San Antonio’s Southside is home to a very special community of creators, hard workers, and people that inspire—many of whom are leaders across the Alamo city. Our Southside Makers and Shakers blog series celebrates Southsiders making their mark. Each addition to the series offers new insight into the community and the gente that make the Southside so unique.
In this blog, we interview the namesake of Sarita’s Dance Studio, Inc., owner and Southside leader Sarita Zúñiga.
Interview With Sarita Zúñiga
Tell us about yourself.
I am so proud to say that I have been in the dance and fitness field for over 60 years. In those years, I’ve taught aerobics, dance, and wellness classes at some of our city’s most notable Air Force bases, schools, banks, universities, hospitals, and more. In 2006, I felt humbled to be honored by the South San Antonio Chamber of Commerce for community leadership and for making a positive impact on the Southside. It was a great privilege for me to represent our city in 2007 and 2014, as the Rehearsal Coordinator for the Moscow Ballet’s Great Russian Nutcracker during their performances in San Antonio, TX. I am also the Founder of Alegría Dance Company, a pre-professional dance company for talented dancers who would like to experience what it is like to dance in a professional setting.
One of my most joyful moments was in 2014, when Congressman Pete Gallegos presented me with a Congressional Award for providing valuable dance training to San Antonio’s Southside residents for 34 years.
What inspired you to become a Southside leader, and what keeps you motivated to continue your work?
In 1972, I moved to San Antonio from Laredo, Texas. I wanted to take some dance lessons to continue my dance training and could not find a dance school that offered all the dance genres I needed to continue my dance career. The dance schools that were available did not have any cultural classes such as ballet Folklorico; so I decided to offer dance classes in my carport at no charge to the children in the community. Before I knew it, I had a lot of children in the neighborhood attending my classes. My father convinced me that it was time for me to open up my own dance school. In 1980, I borrowed money from him to start my school. I found a small place at 9201 S. Zarzamora St. After two years I outgrew the space. We couldn’t afford the main drags (e.g., SW Military Dr.) so we searched for a piece of property off the beaten path. We found a small house at 3739 Commercial Ave. By this time, we were offering fitness and dance classes to the community. After 15 years, we outgrew the space and built a bigger building from the ground up on the same property. Our dance school houses three dance studios within the building. We currently offer Ballet, Tap, Jazz, Contemporary, Pointe, Ballet Folklorico and continuing dance education.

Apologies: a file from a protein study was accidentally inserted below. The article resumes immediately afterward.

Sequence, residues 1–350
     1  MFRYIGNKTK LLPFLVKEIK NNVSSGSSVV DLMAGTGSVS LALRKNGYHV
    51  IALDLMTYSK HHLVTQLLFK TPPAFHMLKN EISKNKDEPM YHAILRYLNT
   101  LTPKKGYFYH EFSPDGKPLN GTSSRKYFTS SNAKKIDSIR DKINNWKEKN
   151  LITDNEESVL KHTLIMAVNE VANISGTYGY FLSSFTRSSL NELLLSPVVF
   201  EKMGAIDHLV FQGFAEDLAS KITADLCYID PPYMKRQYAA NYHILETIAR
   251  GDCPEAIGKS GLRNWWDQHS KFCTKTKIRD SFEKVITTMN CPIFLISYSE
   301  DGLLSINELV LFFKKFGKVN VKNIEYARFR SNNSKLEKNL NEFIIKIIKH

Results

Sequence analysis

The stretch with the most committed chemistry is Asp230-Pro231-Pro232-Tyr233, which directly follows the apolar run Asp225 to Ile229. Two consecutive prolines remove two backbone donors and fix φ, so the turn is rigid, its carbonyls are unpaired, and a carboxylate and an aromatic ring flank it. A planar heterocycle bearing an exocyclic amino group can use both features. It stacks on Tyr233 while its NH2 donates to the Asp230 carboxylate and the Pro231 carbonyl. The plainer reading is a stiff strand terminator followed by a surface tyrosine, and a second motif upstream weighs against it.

What keeps me motivated to continue this work is seeing talented students walk through these doors every day to perfect their craft. They are so dedicated and hard working as they strive to be the best they can be. They continue to inspire and motivate me to offer programs that will help them achieve their goals to be professional dancers, instructors or studio owners. But most of all, our goal is to inspire our students to return and give back to the community.
How do you/how does your organization give back to San Antonio, foster collaboration, or build partnerships with other organizations/leaders?
Sarita’s Dance Studio continues to strive to offer scholarships, through our Dancing Dollar Program to assist students who want to make dance a career and to children who would like to learn how to dance but may not have the funds to do so. We also collaborate with other dance organizations and professionals to help our students expand on their training by bringing guest Masters to our school such as Pepe Ovalle, from Ballet Folklorico de Chicago, Flow 40 Dance, Ballet/Jazz/Tap Intensives, Cultural Dance Camps for children ages 3 and up.
From June 14-16, 2024, we will be hosting Amelia Hernandez’s Ballet Folklorico de Mexico’s summer intensive for dancers who aspire to enhance their ballet Folklorico training. We help our students with the audition process to help achieve their professional goals in the dance industry to be accepted in colleges throughout the United States that offer dance education degrees in management, instruction or as a professional dancer in the entertainment industry. In addition, we collaborate with a local organization, Human | Artist | Dancer, also known as HAD, which is a nonprofit organization founded to serve young artists focused on dance as a serious aspect of their future plans to help students receive scholarships to achieve their dreams and goals.
Looking to the future, what initiatives or projects are you most excited about, and how do you believe they will benefit our city and its residents?
We are excited for the Zócalo project by VIDA, a gathering space for festivals, concerts and movie nights. We would like to be a part of this project by providing entertainment for the festivals and concerts via our dance company, Alegría Dance Company.
What makes the Southside unique compared to other parts of San Antonio?
The culture and the enduring values that Southside Mom and Pop businesses have instilled in their children.
Where can folks find Sarita’s Dance Studio?